AIDS is caused by the human immunodeficiency virus (HIV), a virus that infects certain cells throughout the body. Most significantly, HIV infects white blood cells of the immune system and causes a gradual deterioration of immune function. During the course of infection, crucial immune cells called CD4+ T cells are disabled and killed, and their numbers progressively decline. These cells play a crucial the role of helping clear disease-causing substances from the body by signaling other cells in the immune system to perform their special functions. After the virus inserts itself into the host cell, it prevents the host cell from carrying out its natural functions and turning it into an HIV virus "factory".
Acquired Immunodeficiency Syndrome (AIDS) is not a single distinct disease, but rather a disorder characterized by a severe suppression of the immune system. This immunodeficiency renders the body susceptible to a variety of normally manageable infections, cancers, and other diseases.
AIDS is the name given to a late stage of HIV infection, during which there is evidence of significant impairment to the immune system. Because the illness is best understood as a continuum from initial infection to, in many cases, death, the term "HIV/AIDS" is frequently used.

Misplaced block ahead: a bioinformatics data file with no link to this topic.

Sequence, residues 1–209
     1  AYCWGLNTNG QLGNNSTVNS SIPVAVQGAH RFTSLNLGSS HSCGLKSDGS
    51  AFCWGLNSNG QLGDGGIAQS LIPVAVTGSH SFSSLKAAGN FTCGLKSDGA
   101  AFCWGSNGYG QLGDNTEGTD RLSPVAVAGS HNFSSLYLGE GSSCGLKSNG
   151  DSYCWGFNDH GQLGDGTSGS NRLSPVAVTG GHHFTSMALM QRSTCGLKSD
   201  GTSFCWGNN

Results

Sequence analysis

You might not know if you get infected by HIV. Some people get fever, headache, sore muscles and joints, stomach ache, swollen lymph glands, or a skin rash for one or two weeks. Most people think it's the flu. Some people have no symptoms. The Body has more information on the early stage of HIV infection.
The virus will multiply in your body for a few weeks or even months before your immune system responds. During this time, you won't test positive for HIV, but you can infect other people.
When your immune system responds, it starts to make antibodies. When this happens, you will test positive for HIV.
After the first flu-like symptoms, some people with HIV stay healthy for ten years or longer. But during this time, HIV is damaging your immune system.